The Man Who Forgot The True Assets Of The Church

04/03/2016 1:38 AM AEDT | Updated 15/07/2016 12:51 PM AEST
FILE - This May 28, 2008 file photo shows Cardinal George Pell addressing a press conference for World Youth Day in Sydney, Australia. On Thursday, Feb. 28, 2013 the Vatican is playing down an Australian cardinal's comments that Pope Benedict XVI's decision to resign was "slightly destabilizing," saying cardinals are not media savvy. Cardinal George Pell told Australian Broadcasting Corp. that the pope "was well aware that this was a break with tradition, slightly destabilizing." The comments were interpreted by the Italian media as unusual criticism of the pope. (AP Photo/Mark Baker, files)

It's sadly ironic that the man charged with cleaning up the Vatican's finances doesn't understand the true value of Church assets. But after four days of evidence to the Royal Commission Into Institutional Responses To Child Sexual Abuse, Cardinal George Pell made it abundantly clear, and in doing so shredded his standing as a moral leader.

Pell would have us believe that for decades abuse happened around him, unbeknownst to him, in Victoria through out the 1970s, '80s and '90s, without anyone in his cloistered circle of colleagues detailing for him specifics of abuse against children by priests.

It was, said Pell, "an extraordinary world of crimes and cover-ups, and people did not want the status quo to be disturbed".

But Pell hit several low points during his evidence -- at one point audibly shocking observers when he said abuse committed by Gerald Ridsdale, one of Australia's worst paedophile priests, "was a sad story that wasn't of much interest to me". Days later, he tried to wind it back, telling the commission he messed up.

His original statement was the one of the biggest bombshells of the Commission, which has been investigating how the church responded to abuse in the Ballarat diocese, and it goes to the heart of how this massive institution has responded to abuse across the globe.

And it also goes to the heart of the man, who has spent his life trying to protect his beloved institution.

He "did nothing" when, in 1974, a student complained to him about paedophile priest Ted Dowlan, a man who abused 20 children at several Victorian schools between 1971 and 1985.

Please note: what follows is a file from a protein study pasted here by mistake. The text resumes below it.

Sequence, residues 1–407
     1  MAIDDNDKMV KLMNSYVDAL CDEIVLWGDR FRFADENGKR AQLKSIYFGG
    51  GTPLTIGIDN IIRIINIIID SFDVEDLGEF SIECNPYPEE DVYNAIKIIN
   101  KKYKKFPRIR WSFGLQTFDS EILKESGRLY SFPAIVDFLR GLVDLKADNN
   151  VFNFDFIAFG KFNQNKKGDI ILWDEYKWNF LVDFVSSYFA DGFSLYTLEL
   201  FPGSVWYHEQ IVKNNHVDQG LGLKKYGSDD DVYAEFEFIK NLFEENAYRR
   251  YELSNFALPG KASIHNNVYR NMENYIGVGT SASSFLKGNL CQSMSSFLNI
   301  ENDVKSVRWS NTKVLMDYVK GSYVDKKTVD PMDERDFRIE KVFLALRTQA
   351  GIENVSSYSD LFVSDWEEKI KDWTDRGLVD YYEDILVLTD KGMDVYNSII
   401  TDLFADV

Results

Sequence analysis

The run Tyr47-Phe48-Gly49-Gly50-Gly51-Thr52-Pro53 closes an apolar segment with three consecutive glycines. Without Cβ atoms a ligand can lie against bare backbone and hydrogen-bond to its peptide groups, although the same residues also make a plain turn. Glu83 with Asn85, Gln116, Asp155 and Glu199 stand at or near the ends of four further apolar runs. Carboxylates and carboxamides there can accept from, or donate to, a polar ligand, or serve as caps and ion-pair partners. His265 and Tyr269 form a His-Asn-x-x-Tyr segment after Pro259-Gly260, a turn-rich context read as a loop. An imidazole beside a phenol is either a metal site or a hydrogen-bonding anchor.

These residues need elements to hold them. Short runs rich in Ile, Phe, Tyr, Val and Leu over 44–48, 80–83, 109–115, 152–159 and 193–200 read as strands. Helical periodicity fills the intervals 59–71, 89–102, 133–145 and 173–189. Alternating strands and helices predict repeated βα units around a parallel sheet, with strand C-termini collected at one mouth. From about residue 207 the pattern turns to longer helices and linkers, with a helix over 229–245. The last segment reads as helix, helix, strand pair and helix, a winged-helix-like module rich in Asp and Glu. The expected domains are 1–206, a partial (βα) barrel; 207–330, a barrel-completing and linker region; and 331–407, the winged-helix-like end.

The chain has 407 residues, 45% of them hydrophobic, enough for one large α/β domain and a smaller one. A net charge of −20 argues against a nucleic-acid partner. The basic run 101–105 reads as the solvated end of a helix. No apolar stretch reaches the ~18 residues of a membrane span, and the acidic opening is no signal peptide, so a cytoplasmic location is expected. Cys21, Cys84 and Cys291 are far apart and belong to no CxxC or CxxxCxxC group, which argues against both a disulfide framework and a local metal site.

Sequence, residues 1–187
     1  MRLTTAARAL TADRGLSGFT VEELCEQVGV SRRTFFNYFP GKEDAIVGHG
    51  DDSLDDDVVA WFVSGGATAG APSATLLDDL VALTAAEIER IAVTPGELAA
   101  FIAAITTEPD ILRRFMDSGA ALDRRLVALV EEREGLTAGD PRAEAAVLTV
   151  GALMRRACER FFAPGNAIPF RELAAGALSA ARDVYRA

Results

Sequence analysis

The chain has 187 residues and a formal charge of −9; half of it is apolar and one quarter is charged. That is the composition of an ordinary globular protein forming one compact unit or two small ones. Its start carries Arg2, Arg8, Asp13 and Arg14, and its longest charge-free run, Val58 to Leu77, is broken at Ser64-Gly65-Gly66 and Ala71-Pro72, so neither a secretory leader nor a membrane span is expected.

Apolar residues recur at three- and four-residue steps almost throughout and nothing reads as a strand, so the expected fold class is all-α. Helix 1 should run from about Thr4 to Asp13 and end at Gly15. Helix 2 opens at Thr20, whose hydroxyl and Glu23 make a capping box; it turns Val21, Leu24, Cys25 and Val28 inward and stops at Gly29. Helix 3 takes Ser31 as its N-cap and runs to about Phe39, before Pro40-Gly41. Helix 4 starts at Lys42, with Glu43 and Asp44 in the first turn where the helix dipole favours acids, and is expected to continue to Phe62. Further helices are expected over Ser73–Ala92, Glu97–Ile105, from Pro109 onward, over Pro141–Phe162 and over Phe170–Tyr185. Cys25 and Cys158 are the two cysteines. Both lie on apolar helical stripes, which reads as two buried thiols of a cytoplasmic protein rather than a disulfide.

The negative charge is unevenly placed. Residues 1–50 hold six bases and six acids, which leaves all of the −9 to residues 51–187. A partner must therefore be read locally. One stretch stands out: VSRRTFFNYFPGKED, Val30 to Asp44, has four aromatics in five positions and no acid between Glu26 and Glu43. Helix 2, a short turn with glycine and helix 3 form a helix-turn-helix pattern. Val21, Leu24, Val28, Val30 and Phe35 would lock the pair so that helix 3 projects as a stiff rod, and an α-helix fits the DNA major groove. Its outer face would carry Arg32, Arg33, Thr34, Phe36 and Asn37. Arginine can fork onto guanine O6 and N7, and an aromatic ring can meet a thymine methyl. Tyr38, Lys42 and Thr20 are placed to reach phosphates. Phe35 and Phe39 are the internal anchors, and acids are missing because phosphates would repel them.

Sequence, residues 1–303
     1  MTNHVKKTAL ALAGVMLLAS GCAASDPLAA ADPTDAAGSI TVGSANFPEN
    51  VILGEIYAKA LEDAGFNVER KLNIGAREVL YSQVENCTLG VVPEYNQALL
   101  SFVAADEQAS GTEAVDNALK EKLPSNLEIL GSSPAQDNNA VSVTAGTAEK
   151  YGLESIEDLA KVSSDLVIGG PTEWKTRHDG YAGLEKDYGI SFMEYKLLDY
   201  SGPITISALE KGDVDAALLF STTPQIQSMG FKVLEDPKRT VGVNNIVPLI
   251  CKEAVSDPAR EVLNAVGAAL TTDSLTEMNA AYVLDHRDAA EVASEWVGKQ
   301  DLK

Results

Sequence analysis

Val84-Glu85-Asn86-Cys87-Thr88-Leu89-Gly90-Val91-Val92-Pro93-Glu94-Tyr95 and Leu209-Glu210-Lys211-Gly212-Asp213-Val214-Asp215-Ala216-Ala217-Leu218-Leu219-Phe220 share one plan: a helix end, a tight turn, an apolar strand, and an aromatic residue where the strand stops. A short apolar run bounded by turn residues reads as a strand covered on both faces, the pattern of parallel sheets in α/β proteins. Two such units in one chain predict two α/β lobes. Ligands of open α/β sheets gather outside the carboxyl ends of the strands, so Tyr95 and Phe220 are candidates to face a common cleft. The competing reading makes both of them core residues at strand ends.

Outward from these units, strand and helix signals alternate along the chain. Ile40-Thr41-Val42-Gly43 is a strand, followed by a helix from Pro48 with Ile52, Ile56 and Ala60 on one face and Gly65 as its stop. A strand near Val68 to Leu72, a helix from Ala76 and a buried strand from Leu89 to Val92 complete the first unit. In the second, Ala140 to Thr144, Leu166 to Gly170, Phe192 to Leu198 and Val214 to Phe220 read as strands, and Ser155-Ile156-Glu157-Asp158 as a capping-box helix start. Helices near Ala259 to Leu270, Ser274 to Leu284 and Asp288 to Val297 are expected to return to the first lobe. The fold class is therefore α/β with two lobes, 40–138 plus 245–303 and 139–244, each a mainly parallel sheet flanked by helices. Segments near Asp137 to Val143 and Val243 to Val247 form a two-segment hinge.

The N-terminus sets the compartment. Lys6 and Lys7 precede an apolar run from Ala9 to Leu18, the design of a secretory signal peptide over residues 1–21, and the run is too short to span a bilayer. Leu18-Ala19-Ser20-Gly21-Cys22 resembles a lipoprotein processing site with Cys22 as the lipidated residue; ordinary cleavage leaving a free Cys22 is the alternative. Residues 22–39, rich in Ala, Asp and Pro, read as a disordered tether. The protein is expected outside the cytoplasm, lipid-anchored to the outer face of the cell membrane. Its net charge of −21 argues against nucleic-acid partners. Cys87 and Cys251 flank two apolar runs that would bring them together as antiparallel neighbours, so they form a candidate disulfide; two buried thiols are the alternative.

Pell's response after a schoolboy told him Dowlan was "misbehaving"?

"I didn't do anything about it. Well, I eventually did. I eventually inquired with the school chaplain."

When asked why he didn't take the complaint to investigators, insurance companies, the police or even to the Christian brothers themselves, he responded that he presumed it was being looked after appropriately, not just denied.

He also admitted to the Commission that he let a paedophile priest retire on the grounds of ill health despite knowing for years there were complaints about him.

This image of Pell -- that of a man who rose through the Church as a consulter to bishops, as a vicar of education and an auxiliary bishop, without once being told the specifics of sexual abuse by his colleagues before he became archbishop of Melbourne -- is, in the Commission's own words, implausible.

Completely implausible.

And left in the wake are survivors -- some who maintain their faith and others who no longer do -- but all who were, at some point, true assets of the church. Because what is a church without its people?

It's true that Pell was among the first to enact a church response to abuse, with his Melbourne Response in 1996. But the scheme has been lambasted by survivors, in part because it discouraged people from going to the police.

The Commission previously found it was not independent enough from the church, and Pell has previously admitted he wanted to avoid large damages claims (the scheme is capped at $50,000).

Pell told the commission in 2014 he set up the response after Victorian Premier Jeff Kennett called him and said ''now you clean this thing up and there won't be a royal commission''.

Survivors who witnessed his testimony up close in Rome have said they felt Pell was not honest or truthful. Others said it was not up to them to call for his resignation. And while everyone awaits the Commission's recommendations, it's not really up to the judicial body what to do with him either, now he's living in a city state in Rome.

It will ultimately be up to Pope Francis, who will no doubt find his chief cardinal of the Secretariat for the Economy has dragged his baggage all the way to Rome. He is, after all, charged with cleaning up the Vatican's finances. But he has left his old house out of order.

Survivors, in a letter, have asked the Pope to meet with them, and are still waiting on his response. There'll be another letter the Pope will have to give close consideration to. Pell turns 75 in June, an age when cardinals are required to tender their resignations for the Pope's consideration.

After the past four days, the Pontiff may have no choice but to accept that resignation.

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